VETERAN actor, producer, broadcaster and one-time ambassador, Segun Olusola is a man of many parts. On Friday, June 2, 2010, ENCOMIUM Weekly had an exclusive interview with him on life at 75, his African Refugees Foundation, the wonderful Ajibulu Moniya Gallery located in Surulere, Lagos and other issues.
How does it feel to be 75?
It feels great, it gives me joy seeing friends around me, particularly friends who are like relations. It helps a lot to feel good and I would like stay around for as long as I enjoy the food I eat, the company I keep and if the problems in Nigeria can be reduced so that Nigerians can feel that they are indigenes in any part of Nigeria where they find themselves.
What is the greatest lesson life has taught you at 75?
One of the lessons and probably the greatest was what I picked up while growing up in my father’s wood work centre. My father was a wood worker, a carpenter and he had in his workshop, learners from all over Nigeria; and growing up in his workshop, the contact I had with wood workers from different parts of Nigeria opened up for me the conviction that I should go and do the same. If it is possible for me to go ahead and marry many wives as there are from different states and nationalities in Nigeria, then my home would have been filled with different women, but I can only take one wife at a time. My first wife, Sisi Clara of Village Headmaster came from both Itshekiri and Efik background. When she passed on, leaving three children behind, another lady came to live with me as my wife. She is also from Remo, Ogun State, my state of origin. But truly, the way I want to live the rest of my life is to be able to go to Calabar, go to Sokoto and feel at home in those places. That has always been my wish. But above all, the greatest lesson life has taught me is to do unto others what you would love them to do unto you and help those in need if you are in a position to do so.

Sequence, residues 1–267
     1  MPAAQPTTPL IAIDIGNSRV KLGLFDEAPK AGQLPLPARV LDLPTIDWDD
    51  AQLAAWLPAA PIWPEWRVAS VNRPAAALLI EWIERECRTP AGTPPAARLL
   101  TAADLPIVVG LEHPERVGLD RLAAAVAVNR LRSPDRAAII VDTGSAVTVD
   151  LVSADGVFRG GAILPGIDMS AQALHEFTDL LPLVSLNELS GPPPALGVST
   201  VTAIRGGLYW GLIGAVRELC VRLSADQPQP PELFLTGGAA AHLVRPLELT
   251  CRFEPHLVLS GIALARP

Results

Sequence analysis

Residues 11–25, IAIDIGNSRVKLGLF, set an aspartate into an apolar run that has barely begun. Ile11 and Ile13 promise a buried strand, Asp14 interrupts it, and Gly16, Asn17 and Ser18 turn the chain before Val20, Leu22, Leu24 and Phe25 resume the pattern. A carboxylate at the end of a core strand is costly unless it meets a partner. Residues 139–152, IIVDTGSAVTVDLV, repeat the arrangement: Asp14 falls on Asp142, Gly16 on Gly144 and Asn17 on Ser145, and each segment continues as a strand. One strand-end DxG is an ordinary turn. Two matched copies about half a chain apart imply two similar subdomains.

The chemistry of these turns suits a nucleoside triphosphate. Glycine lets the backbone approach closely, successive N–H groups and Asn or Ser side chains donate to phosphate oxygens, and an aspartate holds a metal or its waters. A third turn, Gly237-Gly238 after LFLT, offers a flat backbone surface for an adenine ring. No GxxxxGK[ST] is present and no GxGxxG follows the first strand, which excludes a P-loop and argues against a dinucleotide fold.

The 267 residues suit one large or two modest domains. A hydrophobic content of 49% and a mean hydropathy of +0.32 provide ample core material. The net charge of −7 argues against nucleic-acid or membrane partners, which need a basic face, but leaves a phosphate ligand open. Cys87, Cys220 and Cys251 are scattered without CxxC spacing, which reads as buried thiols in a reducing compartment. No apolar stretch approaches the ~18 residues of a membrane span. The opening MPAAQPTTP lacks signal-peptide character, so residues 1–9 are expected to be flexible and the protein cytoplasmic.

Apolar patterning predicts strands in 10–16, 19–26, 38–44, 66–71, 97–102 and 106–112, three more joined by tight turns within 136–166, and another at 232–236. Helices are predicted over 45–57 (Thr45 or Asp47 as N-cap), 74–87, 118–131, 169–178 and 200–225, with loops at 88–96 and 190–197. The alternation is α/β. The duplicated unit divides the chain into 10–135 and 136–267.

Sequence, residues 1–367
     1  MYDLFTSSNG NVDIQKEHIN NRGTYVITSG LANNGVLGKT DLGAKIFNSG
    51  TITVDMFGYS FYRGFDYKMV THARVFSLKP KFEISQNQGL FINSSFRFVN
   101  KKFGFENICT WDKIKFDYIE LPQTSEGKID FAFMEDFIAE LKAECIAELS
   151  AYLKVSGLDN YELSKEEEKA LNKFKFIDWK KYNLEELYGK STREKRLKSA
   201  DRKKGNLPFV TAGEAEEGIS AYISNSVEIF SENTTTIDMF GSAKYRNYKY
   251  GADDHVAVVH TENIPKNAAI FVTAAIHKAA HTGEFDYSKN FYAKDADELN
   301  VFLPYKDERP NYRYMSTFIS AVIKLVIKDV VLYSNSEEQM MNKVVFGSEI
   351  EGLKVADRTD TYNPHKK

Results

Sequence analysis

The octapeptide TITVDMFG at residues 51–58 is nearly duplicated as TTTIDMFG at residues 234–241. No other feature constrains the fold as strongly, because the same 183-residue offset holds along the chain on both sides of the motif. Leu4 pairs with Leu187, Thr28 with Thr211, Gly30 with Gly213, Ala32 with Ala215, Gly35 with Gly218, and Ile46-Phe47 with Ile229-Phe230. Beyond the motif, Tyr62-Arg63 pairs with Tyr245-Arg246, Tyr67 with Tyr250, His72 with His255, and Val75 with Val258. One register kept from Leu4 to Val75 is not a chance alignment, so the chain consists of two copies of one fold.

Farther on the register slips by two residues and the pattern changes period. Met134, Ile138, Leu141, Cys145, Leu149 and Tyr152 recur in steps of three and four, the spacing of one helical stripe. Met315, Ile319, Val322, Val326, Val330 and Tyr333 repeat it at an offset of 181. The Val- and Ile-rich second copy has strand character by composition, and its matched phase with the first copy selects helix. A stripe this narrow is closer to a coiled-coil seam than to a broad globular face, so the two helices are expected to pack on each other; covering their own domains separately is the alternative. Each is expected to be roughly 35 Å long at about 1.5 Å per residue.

You look vibrant at 75, what is the secret?
You are only seeing the surface. If a doctor were to examine me, he will find many inadequacies in me. I don’t feel as healthy and comfortable as I look. I am also an actor. Don’t forget that, and as an actor, for as long as you are alive and you are playing a role, you must not go down. This is to dispute what you said that I look vibrant and healthy. I may look so but it’s part of the act. I am acting, but deep down, I could be a lot better.
Life expectancy in Nigeria is under 50, what made you believe you would make 75?
I thank the Lord for making me live this long. I never believed I could live this long, I did not know I would make 75. Maybe you’ve been reading about me somewhere, that is the reason you asked that question. I have been recorded on radio, television and on print to have said, in the years when I was 25 years old, that I did not expect to live beyond 30 years old. For that reason, I worked very hard in the 20s, I was very active then, I thought it was not given to me to live beyond 30 and in March, I was told that I am 75 years old. Since then, its overtime I have been living. It will be good for me to live and still be able to do what I am doing now, but the Lord has been very, very kind to me to have allowed me to live this long. If today is my last day on earth, I will say to the Almighty, ‘Father, the giver of life, thank you Lord, I am ready to come home.’
What is your greatest achievement at 75?
I am still looking forward to the greatest achievement. Really, I do not know the judgement of the world will be of what an achievement means. But this is a beautiful country. My greatest achievement is yet to come. It is a very rewarding existence to see people come to me freely. I love to see people around me.